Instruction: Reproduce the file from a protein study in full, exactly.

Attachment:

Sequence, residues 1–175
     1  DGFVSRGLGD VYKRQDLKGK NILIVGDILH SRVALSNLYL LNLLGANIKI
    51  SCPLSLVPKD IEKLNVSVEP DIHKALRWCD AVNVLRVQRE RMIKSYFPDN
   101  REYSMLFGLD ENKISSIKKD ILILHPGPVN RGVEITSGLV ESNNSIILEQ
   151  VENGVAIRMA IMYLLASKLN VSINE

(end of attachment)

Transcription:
Sequence, residues 1–175
     1  DGFVSRGLGD VYKRQDLKGK NILIVGDILH SRVALSNLYL LNLLGANIKI
    51  SCPLSLVPKD IEKLNVSVEP DIHKALRWCD AVNVLRVQRE RMIKSYFPDN
   101  REYSMLFGLD ENKISSIKKD ILILHPGPVN RGVEITSGLV ESNNSIILEQ
   151  VENGVAIRMA IMYLLASKLN VSINE